Just as the final curtain was falling on Britain’s great railway building age, a larger than life engineer emerged to give light rail one last hurrah.
Colonel Holman Fred Stephens carved out a unique career of planning, building and managing budget railways to serve towns, villages and sparsely-populated rural communities long overlooked by the main line companies.
Using the provisions of the 1896 Light Railways Act, he drew up schemes to construct rural lines ‘on the cheap’ with minimalist stations and infrastructure. His use of second-hand locomotives, carriages and wagons in many ways set the scene for today’s heritage railway sector, nowadays a sizeable plank of the UK tourist economy.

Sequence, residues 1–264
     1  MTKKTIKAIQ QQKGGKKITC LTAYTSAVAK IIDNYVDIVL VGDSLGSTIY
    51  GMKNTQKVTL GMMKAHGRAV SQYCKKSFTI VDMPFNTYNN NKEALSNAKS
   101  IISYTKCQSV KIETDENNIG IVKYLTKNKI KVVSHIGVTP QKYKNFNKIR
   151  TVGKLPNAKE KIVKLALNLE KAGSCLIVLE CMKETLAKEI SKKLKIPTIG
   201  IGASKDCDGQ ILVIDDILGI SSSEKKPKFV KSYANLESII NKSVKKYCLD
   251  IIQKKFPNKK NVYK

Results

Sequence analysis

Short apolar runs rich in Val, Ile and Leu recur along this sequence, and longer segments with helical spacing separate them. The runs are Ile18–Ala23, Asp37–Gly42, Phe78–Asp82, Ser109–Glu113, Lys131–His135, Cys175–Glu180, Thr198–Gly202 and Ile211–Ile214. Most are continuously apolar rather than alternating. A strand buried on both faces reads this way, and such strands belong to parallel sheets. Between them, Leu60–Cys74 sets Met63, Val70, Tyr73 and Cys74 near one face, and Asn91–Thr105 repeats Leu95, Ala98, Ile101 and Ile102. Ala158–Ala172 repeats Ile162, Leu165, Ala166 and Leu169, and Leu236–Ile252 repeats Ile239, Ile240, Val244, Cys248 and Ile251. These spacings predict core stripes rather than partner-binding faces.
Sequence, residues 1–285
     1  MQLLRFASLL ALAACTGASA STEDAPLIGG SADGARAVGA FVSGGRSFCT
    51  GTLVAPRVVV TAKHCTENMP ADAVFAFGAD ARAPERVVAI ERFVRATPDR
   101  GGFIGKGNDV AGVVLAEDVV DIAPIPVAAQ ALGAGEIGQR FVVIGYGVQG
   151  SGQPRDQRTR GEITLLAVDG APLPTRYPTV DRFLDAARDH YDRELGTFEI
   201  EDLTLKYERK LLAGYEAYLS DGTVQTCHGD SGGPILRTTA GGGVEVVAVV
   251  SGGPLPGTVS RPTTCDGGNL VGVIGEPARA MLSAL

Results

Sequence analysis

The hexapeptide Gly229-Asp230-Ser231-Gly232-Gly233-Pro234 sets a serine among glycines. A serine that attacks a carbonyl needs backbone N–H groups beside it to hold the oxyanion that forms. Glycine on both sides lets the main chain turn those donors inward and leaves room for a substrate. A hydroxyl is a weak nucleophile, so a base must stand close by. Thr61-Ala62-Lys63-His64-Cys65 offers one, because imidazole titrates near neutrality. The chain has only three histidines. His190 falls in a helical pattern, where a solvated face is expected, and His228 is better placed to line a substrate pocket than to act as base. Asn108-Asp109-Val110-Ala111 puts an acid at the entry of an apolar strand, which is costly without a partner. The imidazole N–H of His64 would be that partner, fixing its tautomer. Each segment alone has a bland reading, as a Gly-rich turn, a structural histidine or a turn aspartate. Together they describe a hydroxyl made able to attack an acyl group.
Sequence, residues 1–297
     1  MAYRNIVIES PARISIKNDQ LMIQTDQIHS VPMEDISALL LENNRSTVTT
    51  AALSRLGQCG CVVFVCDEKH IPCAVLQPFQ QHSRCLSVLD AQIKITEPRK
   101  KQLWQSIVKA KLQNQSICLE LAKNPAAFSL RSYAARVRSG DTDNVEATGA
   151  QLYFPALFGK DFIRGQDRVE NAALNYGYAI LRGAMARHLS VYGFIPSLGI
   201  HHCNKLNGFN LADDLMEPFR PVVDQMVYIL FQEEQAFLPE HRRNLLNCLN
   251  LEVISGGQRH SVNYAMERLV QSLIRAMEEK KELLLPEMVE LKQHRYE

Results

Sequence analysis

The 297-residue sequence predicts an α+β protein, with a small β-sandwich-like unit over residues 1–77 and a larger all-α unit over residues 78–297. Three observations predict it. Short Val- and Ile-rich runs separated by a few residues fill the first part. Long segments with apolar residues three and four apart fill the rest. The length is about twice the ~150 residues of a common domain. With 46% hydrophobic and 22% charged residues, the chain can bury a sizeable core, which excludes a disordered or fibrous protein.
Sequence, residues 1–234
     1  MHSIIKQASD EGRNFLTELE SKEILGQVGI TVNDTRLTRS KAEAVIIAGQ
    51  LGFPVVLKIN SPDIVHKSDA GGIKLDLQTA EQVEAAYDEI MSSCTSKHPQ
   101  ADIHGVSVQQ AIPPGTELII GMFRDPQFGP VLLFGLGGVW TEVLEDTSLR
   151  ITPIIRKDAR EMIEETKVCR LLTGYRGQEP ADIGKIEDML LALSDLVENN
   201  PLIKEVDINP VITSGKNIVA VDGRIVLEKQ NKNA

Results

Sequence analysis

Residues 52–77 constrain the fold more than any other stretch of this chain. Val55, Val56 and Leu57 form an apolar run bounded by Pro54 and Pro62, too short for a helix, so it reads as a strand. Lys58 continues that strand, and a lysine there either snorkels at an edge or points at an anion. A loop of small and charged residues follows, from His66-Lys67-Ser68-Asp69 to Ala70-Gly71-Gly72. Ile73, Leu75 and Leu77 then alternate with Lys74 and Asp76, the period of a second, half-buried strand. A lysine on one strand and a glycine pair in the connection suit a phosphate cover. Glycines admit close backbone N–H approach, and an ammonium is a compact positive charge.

However, Stephens’ small ‘kingdom’ of 17 light railways appeared after the dawn of the motor car and more versatile road transport. Ingenious as his lines were, could not but find themselves swimming against the tide which made their closures inevitable.
This publication looks in detail at Stephens’ portfolio, which included the Kent & East Sussex, Ffestiniog, Welsh Highland and East Kent railways which are still with us today, along with legendary names such as the Weston, Clevedon & Portishead, Shropshire & Montgomeryshire, Ashover, the Selsey Tramway and others, plus the two lines that remain part of today’s UK national rail network.